A new report from the Organization for the Prohibition of Chemical Weapons (OPCW) is being used by western media to grease the skids for President Obama’s upcoming air campaign inside Syria.
According to the report, “compelling evidence” indicates that chlorine gas was “systematically and repeatedly” used throughout northern Syria this year.
Although the report did not place blame on either Assad or the opposing “rebels,” western media outlets wasted no time in pointing fingers toward the Syrian government despite the claim already being completely dismantled late last year.
“Syria agreed to destroy its chemical weapons a year ago following global outrage over a sarin gas attack in Ghouta, a suburb of Damascus, in August 2013 that killed hundreds – the worst attack of its kind for quarter of a century,” Reuters wrote.
In fact, no major media outlets made mention of the ample body of evidence contradicting the official White House narrative on the Aleppo and Ghouta chemical attacks.
The Aleppo chemical attack, which occured in March of 2013, was immediately used to push for further intervention into Syria despite the lack of an official investigation.
Shortly after, Carla Del Ponte, a member of the UN Independent Commission of Inquiry on Syria, argued that evidence gathered from medical staff and those on scene appeared to point to the western-backed jihadist rebels.
“This was used on the part of the opposition, the rebels, not by the government authorities,” she said.
Months later after a similar attack in the Damascus suburb of Ghouta, the same narrative unfolded before investigators were even given a chance to survey the area.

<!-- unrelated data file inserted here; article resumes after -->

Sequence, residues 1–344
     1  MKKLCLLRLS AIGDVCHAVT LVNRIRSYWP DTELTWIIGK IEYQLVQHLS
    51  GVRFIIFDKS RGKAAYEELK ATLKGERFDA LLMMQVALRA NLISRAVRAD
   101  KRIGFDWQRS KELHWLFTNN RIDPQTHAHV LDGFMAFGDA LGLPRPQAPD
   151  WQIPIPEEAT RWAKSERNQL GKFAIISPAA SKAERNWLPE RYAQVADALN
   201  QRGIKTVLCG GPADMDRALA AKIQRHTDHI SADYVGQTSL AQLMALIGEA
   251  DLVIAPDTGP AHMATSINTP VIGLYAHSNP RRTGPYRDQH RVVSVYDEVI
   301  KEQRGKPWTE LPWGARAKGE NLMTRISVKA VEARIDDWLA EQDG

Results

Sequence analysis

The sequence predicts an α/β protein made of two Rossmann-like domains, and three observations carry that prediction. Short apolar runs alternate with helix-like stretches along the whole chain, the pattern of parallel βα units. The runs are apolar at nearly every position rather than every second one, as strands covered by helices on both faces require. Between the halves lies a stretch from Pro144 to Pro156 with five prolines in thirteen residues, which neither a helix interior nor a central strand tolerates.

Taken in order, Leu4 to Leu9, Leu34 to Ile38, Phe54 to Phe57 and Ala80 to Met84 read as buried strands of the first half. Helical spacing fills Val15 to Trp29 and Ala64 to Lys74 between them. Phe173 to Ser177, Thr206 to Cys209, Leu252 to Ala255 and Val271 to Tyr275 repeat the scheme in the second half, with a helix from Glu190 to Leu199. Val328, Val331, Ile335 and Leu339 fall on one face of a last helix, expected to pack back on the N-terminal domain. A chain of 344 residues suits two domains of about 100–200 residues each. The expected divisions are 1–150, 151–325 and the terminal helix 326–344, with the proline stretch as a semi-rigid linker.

The narrative quickly eroded after a group of rebel jihadists admitted to obtaining chemical weapons from Saudi Arabia in an interview with Mint Press News.
Abdel-Moneim said his son and the others died during the chemical weapons attack. That same day, the militant group Jabhat al-Nusra, which is linked to al-Qaida, announced that it would similarly attack civilians in the Assad regime’s heartland of Latakia on Syria’s western coast, in purported retaliation.
“They didn’t tell us what these arms were or how to use them,” complained a female fighter named ‘K.’ “We didn’t know they were chemical weapons. We never imagined they were chemical weapons.”
“When Saudi Prince Bandar gives such weapons to people, he must give them to those who know how to handle and use them,” she warned. She, like other Syrians, do not want to use their full names for fear of retribution.
US intelligence officials speaking with the Associated Press later admitted that the evidence linking Assad to the chemical attack was “no slam dunk.”
In December of that year, Pulitzer Prize winning journalist Seymour Hersh wrote a lengthy piece detailing the account of several high-level intelligence contacts in regard to the attack.
“In recent interviews with intelligence and military officers and consultants past and present, I found intense concern, and on occasion anger, over what was repeatedly seen as the deliberate manipulation of intelligence,” Hersh wrote. “One high-level intelligence officer, in an email to a colleague, called the administration’s assurances of Assad’s responsibility a ‘ruse’. The attack ‘was not the result of the current regime’, he wrote. A former senior intelligence official told me that the Obama administration had altered the available information – in terms of its timing and sequence – to enable the president and his advisers to make intelligence retrieved days after the attack look as if it had been picked up and analysed in real time, as the attack was happening.”
Incredibly, those responsible for the chemical attacks are the same people President Obama is currently working to arm once again in Syria.
Three months before the Ghouta incident, Infowars reporter Darrin McBreen correctly predicted that a sarin attack in Syria would be blamed on President Bashar al-Assad as an excuse by the Obama administration for US military action.